If you love exploring the outdoors, I bet you’ve probably hiked a forest trail, driven through a patchwork of farmland, camped near a massive water body, or climbed a mountain—all dazzling. But have you ever visited a land of pure extremes? If you’re yet to, find the perfect rental RV and head to Death Valley National Park.
Known as one of planet earth’s most inhospitable places, thanks to its steady drought and record-shattering heat, Death Valley is a must-visit natural wonder. Beneath its ruggedness lies a great diversity of life and beautiful scenery that will give you a fresh perspective of life. Let’s take a drive through its history, best spots, activities, campgrounds, and much more.
A Brief History of Death Valley National Park
Lying across the California and Nevada border, Death Valley national park is a distinct wonder of scorching deserts, jagged mountains, and mystifying salt flats. It’s the largest national park outside Alaska, covering over 3.3 million acres. It holds the world record for hottest air temperature ever recorded—a thermometer bursting 134 degrees recorded in 1913. It also holds another claim to fame—the driest and lowest point in the United States.
10,000 years ago, the park was home to Native Americans. Back then, the climate was gentle, and the land was teeming with large game. When the temperatures rose and the lakes evaporated, human settlements disappeared. In 1849, a group of European pioneers got lost in the area and dubbed it the Death Valley after barely making it out. Half a century later, there was a mini gold rush in the area, but the communities turned into ghost towns after the mines dried up. Today, Death Valley is a popular destination for filmmakers, hikers, RV travelers, bikers, bird watchers, and other outdoor enthusiasts.
What’s the Best Time to Visit Death Valley in an RV?
There are plenty of indoor and outdoor activities all year round across the park. However, spring and fall are considered the best times to visit as temperatures are much more manageable. Summer daytime temperatures can get as high as 120 degrees, limiting outdoor activities. Luckily, visiting Death Valley in a home on wheels will shelter you from the scorching sun and allow you to explore more of the park on your own schedule.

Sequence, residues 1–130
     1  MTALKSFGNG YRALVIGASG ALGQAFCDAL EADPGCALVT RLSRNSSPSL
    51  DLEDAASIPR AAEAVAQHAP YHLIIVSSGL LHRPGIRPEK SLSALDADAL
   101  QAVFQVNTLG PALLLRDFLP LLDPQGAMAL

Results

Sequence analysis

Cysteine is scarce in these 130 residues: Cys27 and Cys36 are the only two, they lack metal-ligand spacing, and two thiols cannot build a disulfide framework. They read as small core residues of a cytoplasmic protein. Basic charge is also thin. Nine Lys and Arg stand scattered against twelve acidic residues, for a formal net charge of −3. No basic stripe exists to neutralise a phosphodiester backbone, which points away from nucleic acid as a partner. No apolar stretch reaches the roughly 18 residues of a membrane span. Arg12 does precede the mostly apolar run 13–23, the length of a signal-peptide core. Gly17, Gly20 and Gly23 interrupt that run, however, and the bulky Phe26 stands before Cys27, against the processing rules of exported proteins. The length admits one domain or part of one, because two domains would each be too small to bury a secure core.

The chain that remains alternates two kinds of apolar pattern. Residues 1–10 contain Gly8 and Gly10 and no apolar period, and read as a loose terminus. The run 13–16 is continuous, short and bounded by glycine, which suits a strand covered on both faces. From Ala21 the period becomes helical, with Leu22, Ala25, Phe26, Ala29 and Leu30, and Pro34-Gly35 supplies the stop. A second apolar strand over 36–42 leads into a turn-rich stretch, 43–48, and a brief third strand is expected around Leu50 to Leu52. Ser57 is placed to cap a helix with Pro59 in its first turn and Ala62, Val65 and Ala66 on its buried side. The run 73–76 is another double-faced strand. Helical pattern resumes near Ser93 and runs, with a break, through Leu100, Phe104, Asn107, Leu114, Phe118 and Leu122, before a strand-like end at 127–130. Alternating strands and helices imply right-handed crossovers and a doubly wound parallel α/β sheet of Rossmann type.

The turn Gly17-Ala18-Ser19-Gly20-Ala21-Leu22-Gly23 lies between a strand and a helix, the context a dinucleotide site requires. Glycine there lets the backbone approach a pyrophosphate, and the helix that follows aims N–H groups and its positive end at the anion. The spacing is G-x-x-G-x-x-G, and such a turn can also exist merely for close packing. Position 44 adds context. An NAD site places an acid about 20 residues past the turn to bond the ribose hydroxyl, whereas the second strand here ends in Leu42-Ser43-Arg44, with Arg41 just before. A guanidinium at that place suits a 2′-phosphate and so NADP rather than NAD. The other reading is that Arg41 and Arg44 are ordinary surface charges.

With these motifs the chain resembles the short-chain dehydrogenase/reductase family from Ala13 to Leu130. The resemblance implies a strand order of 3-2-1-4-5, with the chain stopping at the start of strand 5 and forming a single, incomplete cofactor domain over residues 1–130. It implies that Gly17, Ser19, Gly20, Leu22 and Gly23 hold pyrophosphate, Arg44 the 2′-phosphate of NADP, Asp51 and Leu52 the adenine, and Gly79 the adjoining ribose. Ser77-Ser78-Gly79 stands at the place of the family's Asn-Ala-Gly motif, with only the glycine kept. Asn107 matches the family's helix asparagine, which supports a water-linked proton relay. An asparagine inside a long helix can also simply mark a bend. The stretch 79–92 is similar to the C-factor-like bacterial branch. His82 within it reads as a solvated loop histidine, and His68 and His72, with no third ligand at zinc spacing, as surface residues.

Getting to Death Valley National Park in a Rental RV
Rent an RV in Los Angeles and drive 258 miles to the park’s entrance. And if you’re renting an RV in Las Vegas, it’s just a two-and-a-half-hour trip to the park. For RV enthusiast, there are nearly 1000 miles of paved and dirt roads which provide access to popular spots and primitive sites. And a good number of these roads are RV friendly.
What Activities can RVers Do in Death Valley National Park?
The extreme nature of this Death Valley makes it worth visiting. There are magnificent natural attractions spanning the park from desert wildflower blooms, lush oases, canyons, snow-capped peaks to the extraordinary Devil’s Hole Pupfish. You can explore natural hot springs, hike through the desert backcountry, watch migrating birds, listen to singing dunes, or gaze at the nighttime sky. Here are some of the best activities.
Sightseeing RV Tour
If you’re looking to adventure as much of Death Valley as you can, take an RV trip. A good place to start is Furnace Creek Visitor Center, where friendly park rangers will provide you information about attractions in the park and RV size restrictions. Some spectacular RV accessible spots include:
● Devils Golf Course – A huge area full of unusual rocks sculpted by the elements and a striking large salt pan.